Maybe it’s a Canadian thing, all that snow and ice, but I’ve always liked the Winter Olympics better than the Summer variety. Until recently, Canada hasn’t done any better in the Winter than in the Summer games, so it can’t even be put down to chauvinism.
I suppose part of it is that so many of the sports are ones that are much easier to identify with from a North American mind set. Skiing, and combinations thereof, skating, tobogganing (if you can call strapping yourself to a piece of plastic, lying on your back and going down a sheet of ice feet first tobogganing), and snowboarding are all things that anybody at home can do.
Unlike the sprinters, high jumpers, hurdlers, gymnasts, and pole-vaulters, who compete during the Summer Olympics, I have a much easier time identifying with the people who compete in the Winter games. Of course I’m not going to try ski jumping in my back yard or a triple toe loop on skates, but at least I’ve strapped on a pair of skis in my lifetime and been skating.
How many of you have ever decided to go for a casual pole vault on the weekend? Or maybe chuck around the discus with some friends? It’s far more likely that you’ve gotten together for a ski weekend at some time in your life than sticking what looks like a cannon ball under your chin, and trying to chuck it sixty or seventy yards.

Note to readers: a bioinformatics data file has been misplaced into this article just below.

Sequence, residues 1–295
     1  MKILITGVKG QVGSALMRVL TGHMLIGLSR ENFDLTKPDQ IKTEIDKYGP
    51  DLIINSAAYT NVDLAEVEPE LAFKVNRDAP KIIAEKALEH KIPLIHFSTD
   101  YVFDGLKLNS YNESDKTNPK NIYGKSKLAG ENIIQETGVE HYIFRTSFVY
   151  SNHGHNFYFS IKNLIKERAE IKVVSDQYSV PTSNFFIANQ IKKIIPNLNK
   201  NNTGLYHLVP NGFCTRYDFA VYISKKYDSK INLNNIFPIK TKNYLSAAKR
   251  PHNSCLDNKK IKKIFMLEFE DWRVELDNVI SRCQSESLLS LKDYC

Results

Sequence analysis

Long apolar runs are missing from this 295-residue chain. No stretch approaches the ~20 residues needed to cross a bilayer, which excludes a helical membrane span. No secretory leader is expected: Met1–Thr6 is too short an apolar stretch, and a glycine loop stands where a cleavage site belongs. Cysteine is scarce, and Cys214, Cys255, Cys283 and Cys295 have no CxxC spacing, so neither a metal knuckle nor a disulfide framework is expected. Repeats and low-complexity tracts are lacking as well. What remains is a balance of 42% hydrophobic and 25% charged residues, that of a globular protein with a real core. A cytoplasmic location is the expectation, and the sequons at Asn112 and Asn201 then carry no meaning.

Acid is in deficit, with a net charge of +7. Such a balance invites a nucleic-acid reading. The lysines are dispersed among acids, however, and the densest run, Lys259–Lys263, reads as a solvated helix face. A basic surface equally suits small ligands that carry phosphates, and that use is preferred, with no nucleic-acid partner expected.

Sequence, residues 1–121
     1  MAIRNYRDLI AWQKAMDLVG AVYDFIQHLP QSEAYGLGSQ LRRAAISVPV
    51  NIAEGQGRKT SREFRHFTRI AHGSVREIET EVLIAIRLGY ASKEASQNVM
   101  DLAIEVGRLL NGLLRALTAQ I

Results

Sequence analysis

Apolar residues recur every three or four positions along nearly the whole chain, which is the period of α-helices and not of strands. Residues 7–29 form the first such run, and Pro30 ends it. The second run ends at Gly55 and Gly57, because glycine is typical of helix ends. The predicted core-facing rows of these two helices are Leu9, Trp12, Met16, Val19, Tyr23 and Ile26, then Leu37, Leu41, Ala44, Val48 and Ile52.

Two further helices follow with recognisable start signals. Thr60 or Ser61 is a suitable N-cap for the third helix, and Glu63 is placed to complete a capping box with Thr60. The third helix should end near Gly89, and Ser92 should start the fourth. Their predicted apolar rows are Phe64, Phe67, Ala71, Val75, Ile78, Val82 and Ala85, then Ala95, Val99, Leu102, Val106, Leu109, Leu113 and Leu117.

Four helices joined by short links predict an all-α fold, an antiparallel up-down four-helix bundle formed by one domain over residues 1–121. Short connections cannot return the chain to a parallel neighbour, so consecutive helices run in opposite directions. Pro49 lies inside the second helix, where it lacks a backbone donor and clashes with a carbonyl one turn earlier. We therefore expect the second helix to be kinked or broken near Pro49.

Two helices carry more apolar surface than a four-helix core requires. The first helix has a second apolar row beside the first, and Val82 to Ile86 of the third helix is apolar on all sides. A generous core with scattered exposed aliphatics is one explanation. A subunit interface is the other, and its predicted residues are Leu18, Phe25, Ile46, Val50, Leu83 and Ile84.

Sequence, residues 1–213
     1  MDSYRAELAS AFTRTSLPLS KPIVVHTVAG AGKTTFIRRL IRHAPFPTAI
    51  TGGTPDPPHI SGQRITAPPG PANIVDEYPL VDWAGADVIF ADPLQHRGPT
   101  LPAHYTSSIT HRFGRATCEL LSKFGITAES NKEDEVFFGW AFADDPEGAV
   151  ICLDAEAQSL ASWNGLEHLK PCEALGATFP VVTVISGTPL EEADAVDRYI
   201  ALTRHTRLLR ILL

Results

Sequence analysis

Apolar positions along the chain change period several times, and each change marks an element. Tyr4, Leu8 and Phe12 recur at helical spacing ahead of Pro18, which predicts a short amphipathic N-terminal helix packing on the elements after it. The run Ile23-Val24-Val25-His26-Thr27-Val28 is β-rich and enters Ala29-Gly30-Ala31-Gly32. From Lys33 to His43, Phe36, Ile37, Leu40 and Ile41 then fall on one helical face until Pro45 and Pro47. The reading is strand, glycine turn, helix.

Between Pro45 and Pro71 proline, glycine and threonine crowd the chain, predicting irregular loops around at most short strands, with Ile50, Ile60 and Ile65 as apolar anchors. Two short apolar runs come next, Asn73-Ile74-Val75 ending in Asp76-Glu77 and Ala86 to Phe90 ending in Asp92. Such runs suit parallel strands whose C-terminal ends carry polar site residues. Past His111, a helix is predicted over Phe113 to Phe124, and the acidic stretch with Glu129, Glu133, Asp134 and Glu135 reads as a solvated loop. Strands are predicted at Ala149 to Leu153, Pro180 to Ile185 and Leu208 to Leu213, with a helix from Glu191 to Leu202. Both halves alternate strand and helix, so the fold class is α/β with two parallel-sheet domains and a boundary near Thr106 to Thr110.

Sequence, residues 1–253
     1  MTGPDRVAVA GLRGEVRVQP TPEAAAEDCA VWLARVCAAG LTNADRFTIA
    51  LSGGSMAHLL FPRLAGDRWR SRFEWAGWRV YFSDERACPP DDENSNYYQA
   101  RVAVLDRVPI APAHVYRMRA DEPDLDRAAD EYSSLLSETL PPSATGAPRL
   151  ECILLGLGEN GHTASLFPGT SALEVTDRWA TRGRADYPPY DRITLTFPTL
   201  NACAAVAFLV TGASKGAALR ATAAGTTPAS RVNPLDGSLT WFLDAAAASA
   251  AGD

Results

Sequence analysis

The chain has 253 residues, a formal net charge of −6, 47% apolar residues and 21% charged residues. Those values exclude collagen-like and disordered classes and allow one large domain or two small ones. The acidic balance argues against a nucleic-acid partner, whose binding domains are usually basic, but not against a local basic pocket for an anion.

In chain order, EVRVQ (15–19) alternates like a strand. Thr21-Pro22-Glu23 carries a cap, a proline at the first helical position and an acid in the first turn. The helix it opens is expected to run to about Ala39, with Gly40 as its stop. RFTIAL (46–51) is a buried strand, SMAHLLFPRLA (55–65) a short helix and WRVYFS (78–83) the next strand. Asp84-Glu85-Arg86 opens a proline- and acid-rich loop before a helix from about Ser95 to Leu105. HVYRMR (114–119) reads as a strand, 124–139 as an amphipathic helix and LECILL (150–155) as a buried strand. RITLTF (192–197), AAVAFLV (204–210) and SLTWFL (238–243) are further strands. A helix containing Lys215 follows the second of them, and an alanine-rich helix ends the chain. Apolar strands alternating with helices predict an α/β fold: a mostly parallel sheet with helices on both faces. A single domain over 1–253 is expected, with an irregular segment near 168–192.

It’s not like the Winter Olympics are any less corrupt or commercial than the Summer games; just look at the whole fiasco that surrounded the Salt Lake City games from the organizing committee to the figure skating judging. Or any time a skier is interviewed in the winner’s circle and they automatically flip their skis so the brand is facing the cameras; Nike or Fisher, equipment suppliers are the real winners in all these games no matter what the season.
Drugs and means of cheating are just as prevalent, and perhaps even more so. Blood packing before cross-country skiing races (transfusions of fresh blood that supposedly gives you an advantage somehow) seems to have been a favourite for a long time and virtually undetectable until recently. I wouldn’t be surprised by anything any more when it came to devising new and ingenious ways of cheating by athletes and their coaches to give themselves any extra edge possible.
But, even knowing all that, it still seems that there is something far less tainted about the Winter games. Perhaps it is the sheer insanity of some of the sports. Downhill ski racing may look glamorous to watch, but skiing down the side of a mountain at speeds up to 100mph and over is a really good way to get yourself killed, I’ve always thought.